Though most people reading this have never heard of the
master criminal Fantômas, there was a time when the character was
internationally known. The star of a
series of pulp novels, the character was created in 1911 by French
Marcel Allain and Pierre Souvestre. The villain captured the
imagination of the
public and soon the pair had penned dozens of Fantômas novels. Eventually there were Fantômas comic
TV shows, and, of course, movies.
In 1913, soon after the novels started, the French studio Gaumont
bought the rights and pioneering director Louis Feuillade created a
five feature films starring the dastardly villain. Restored
in 1998, these silent movies have
just made it to region one thanks to Kino.
The entire serial of five movies has been released in a
looking three DVD set that is a must-buy for fans of early cinema.
Since this is a serial, with one movie leading into the
next, sometimes with cliffhanger endings, I'll give a brief synopsis of
one and then discuss the movies as a whole.
Fantômas in the
Shadow of the Guillotine (1913 54 minutes):
The first movie introduces viewers to Fantômas, a wily
criminal and a
master of disguise. He takes up with
Lady Beltham and murders her husband and hides the body.
Investigating the disappearance of the
nobleman, Inspector Juve along with his reporter friend
Jérôme Fandor discover
some clues that lead them to the body of the missing man and implicate
named Gurn. Gurn, none other than
Fantômas in disguise, is quickly arrested, convicted, and
death. But being on death row under
heavy guard isn't enough to stoop the criminal genius.
Juve vs. Fantomas
(1913 62 minutes): A great film and the
best in the series. Astounded at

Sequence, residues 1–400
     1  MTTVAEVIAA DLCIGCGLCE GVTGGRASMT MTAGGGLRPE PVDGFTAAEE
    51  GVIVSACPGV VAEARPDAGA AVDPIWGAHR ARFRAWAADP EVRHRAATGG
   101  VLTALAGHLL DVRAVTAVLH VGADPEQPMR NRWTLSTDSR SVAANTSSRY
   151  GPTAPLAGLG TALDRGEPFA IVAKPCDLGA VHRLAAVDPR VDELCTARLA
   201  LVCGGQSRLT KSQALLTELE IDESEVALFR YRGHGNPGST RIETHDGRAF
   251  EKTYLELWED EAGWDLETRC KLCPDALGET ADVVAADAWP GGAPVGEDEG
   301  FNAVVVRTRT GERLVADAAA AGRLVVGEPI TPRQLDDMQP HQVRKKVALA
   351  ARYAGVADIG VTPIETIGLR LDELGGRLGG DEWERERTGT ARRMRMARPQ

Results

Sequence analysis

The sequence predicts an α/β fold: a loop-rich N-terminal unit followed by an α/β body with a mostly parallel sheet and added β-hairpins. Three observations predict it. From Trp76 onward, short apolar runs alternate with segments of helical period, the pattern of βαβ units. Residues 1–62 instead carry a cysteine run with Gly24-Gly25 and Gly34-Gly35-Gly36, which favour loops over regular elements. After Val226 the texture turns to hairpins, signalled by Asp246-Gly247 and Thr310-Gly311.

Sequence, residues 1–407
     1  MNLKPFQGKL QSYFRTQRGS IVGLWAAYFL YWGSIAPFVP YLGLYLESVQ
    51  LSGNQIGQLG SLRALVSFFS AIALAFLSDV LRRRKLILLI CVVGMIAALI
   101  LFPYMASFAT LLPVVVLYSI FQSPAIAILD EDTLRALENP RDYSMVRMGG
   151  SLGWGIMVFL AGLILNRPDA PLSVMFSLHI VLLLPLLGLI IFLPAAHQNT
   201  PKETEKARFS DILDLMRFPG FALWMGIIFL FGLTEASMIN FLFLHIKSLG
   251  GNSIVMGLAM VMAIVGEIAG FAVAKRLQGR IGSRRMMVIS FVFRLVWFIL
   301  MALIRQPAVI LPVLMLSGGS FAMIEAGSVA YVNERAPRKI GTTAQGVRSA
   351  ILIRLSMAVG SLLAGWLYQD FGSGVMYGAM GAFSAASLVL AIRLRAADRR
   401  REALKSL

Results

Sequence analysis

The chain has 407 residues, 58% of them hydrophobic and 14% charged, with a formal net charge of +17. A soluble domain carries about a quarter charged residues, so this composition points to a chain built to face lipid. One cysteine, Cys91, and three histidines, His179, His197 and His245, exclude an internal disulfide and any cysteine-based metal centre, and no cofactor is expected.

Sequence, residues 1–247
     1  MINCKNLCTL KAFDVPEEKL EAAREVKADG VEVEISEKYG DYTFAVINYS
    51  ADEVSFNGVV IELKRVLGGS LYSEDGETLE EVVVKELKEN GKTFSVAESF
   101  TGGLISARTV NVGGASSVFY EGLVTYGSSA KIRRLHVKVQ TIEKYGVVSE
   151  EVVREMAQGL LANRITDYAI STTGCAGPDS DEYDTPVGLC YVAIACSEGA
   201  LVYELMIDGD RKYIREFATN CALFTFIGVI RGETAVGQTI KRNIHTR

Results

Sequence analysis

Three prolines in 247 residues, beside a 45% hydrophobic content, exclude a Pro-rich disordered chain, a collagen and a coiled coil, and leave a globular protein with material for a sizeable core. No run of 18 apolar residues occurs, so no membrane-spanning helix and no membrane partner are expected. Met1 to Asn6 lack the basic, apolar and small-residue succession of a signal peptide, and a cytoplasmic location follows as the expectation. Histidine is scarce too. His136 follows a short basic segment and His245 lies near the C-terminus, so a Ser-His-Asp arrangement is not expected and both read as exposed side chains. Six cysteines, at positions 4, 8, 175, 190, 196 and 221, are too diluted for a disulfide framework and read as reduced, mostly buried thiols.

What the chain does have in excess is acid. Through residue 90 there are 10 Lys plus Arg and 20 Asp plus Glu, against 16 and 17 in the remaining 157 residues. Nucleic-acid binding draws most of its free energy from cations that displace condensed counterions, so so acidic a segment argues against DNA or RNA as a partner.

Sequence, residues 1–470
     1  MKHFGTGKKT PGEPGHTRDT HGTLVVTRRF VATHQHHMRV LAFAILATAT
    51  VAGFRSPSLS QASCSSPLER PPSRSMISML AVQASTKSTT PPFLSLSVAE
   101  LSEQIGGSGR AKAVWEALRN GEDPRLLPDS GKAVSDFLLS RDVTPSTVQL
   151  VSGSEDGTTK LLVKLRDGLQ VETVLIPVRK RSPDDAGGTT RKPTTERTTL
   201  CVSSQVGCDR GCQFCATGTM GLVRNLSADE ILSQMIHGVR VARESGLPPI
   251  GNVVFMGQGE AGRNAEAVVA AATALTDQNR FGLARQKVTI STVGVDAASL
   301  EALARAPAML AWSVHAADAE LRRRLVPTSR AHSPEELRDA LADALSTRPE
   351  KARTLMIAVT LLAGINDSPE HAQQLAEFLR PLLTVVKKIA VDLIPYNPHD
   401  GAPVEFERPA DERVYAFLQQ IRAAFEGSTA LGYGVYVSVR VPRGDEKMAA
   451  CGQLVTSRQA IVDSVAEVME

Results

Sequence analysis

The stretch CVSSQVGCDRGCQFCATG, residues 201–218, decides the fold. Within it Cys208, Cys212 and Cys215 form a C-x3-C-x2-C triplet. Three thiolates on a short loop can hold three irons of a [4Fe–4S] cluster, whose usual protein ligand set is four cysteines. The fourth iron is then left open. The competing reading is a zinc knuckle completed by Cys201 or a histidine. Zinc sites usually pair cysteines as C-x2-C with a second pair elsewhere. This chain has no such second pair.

Fantômas' escape, Inspector Juve becomes obsessed with capturing
especially after he robs all of the passengers in a train car and then
it (killing the people aboard) in order to hide the crime.
Filled with action and suspense, this chase
through the French countryside has just the right touch of humor to
make it a
The Murderous Corpse
(1913 90 minutes): What a wonderful
title for a movie. This time a young
man, Jacques Dollon, is framed for murder by Fantômas. Dollon is arrested and processed, then locked
in a cell where he mysteriously dies.
When his sister arrives at the police station to visit him,
informed of his death, but when they take her to see the body, it has
disappeared! Who could not only kill a
man in police custody, but also steal his body?
Why Fantômas of course. Things
get even stranger when a priceless necklace is stolen from a lady at a
ball. There's a fingerprint of the crook
who took the jewels on the lady's neck, and when it's analyzed they
it belongs to the dead Dollon. More
crimes occur, and all with Dollons fingerprints at the scene.
Fantômas Vs. Fantômas
(1914 60 minutes): The press is
skewering Juve because he's unable to capture Fantômas, and one
that the reason might be because Juve himself is really Fantômas. The chief of police questions Juve and send